}
int check(int ch)
{
    if(ch >= 45)
        return 100;
    else
        return 10;
}


A). 100
B). 10
C). 1
D). 0
Answer : Option A

Explanation :

Step 1: int check(int); This prototype tells the compiler that the function check() accepts one integer parameter and returns an integer value.
Step 2: int l=45, c; The variable i and c are declared as an integer type and i is initialized to 45.
The function check(i) return 100 if the given value of variable i is >=(greater than or equal to) 45, else it will return 10.

Step 3: c = check(i); becomes c = check(45); The function check() return 100 and it get stored in the variable c.(c = 100)
Step 4: printf("%d\n", c); It prints the value of variable c.

Hence the output of the program is '100'.


Question 17 :

If int is 2 bytes wide.What will be the output of the program?

#include 
void fun(char**);

int main()
{
    char *argv[] = {"ab", "cd", "ef", "gh"};
    fun(argv);
    return 0;
}
void fun(char **p)
{
    char *t;
    t = (p+= sizeof(int))[-1];
    printf("%s\n", t);
}


A). ab
B). cd
C). ef
D). gh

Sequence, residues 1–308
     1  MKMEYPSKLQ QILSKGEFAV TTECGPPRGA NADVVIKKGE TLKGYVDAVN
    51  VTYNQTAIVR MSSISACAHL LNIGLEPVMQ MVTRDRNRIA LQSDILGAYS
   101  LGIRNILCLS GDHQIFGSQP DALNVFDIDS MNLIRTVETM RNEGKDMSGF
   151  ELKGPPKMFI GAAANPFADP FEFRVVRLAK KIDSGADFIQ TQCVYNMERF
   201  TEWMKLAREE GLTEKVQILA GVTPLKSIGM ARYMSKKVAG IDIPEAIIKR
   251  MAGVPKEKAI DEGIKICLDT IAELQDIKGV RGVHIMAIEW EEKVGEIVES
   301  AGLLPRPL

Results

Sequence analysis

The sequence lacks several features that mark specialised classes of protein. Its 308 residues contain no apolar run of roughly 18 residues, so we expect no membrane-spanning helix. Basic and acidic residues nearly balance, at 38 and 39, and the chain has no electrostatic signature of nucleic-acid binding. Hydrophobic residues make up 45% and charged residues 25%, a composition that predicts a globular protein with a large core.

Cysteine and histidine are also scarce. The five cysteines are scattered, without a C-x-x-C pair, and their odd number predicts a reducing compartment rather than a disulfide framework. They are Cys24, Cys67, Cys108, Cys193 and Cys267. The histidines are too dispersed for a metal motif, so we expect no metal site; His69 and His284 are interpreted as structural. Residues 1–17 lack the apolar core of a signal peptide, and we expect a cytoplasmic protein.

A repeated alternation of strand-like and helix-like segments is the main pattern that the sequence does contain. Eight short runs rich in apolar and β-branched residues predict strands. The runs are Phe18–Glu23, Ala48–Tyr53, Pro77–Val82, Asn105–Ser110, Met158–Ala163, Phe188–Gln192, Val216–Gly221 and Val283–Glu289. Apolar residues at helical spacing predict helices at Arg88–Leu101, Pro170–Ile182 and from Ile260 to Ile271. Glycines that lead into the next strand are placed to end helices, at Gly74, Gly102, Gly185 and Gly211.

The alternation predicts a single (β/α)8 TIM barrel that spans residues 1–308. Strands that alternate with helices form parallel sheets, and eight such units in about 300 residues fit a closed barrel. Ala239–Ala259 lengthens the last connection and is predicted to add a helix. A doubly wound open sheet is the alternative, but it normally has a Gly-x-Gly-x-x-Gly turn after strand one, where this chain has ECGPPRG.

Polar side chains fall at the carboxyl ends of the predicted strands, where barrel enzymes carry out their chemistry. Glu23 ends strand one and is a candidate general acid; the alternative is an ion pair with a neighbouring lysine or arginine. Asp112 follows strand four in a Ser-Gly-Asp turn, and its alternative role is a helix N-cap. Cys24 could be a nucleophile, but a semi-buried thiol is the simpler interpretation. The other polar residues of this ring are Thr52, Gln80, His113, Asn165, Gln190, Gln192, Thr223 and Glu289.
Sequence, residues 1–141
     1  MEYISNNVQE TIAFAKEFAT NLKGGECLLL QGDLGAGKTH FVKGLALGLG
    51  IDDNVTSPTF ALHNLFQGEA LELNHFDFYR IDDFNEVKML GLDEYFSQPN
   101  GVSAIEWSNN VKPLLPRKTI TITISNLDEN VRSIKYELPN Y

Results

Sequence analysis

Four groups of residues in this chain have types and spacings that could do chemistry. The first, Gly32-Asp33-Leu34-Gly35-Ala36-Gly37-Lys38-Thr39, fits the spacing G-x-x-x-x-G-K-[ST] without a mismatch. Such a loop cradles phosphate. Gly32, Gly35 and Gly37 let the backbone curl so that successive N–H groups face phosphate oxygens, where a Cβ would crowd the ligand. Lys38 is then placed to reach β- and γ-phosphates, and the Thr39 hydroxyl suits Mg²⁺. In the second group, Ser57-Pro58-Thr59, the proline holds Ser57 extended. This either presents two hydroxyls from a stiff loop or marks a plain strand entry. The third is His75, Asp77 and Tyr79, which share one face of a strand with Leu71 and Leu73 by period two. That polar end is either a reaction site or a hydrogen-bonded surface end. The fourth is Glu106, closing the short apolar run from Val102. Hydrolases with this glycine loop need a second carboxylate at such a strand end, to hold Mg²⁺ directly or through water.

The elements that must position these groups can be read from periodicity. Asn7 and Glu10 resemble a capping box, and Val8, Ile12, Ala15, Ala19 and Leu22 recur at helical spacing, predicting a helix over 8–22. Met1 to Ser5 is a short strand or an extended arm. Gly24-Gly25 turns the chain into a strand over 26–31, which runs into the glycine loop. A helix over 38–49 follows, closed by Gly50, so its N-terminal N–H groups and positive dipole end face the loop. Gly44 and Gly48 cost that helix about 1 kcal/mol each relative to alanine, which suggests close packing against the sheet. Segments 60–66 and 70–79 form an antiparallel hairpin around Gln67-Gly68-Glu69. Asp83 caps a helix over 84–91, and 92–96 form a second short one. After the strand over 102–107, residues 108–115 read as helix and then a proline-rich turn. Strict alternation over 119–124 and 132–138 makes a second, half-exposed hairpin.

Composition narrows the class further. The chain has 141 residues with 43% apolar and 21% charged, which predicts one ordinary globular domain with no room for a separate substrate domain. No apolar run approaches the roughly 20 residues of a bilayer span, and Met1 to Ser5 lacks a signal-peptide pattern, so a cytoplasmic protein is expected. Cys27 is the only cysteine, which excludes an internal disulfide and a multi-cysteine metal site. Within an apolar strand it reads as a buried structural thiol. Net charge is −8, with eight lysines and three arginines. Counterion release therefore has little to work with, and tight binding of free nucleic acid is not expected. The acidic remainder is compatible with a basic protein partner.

Answer : Option B

Explanation :

Since C is a machine dependent language sizeof(int) may return different values.
The output for the above program will be cd in Windows (Turbo C) and gh in Linux (GCC).
To understand it better, compile and execute the above program in Windows (with Turbo C compiler) and in Linux (GCC compiler).


Question 18 :

What will be the output of the program?

#include
int fun(int(*)());

int main()
{
    fun(main);
    printf("Hi\n");
    return 0;
}
int fun(int (*p)())
{
    printf("Hello ");
    return 0;
}


A). Infinite loop
B). Hi
C). Hello Hi
D). Error
Answer : Option C

Question 19 :

What will be the output of the program?

#include

int fun(int i)
{
    i++;
    return i;
}

int main()
{
    int fun(int);
    int i=3;
    fun(i=fun(fun(i)));
    printf("%d\n", i);
    return 0;
}


A). 5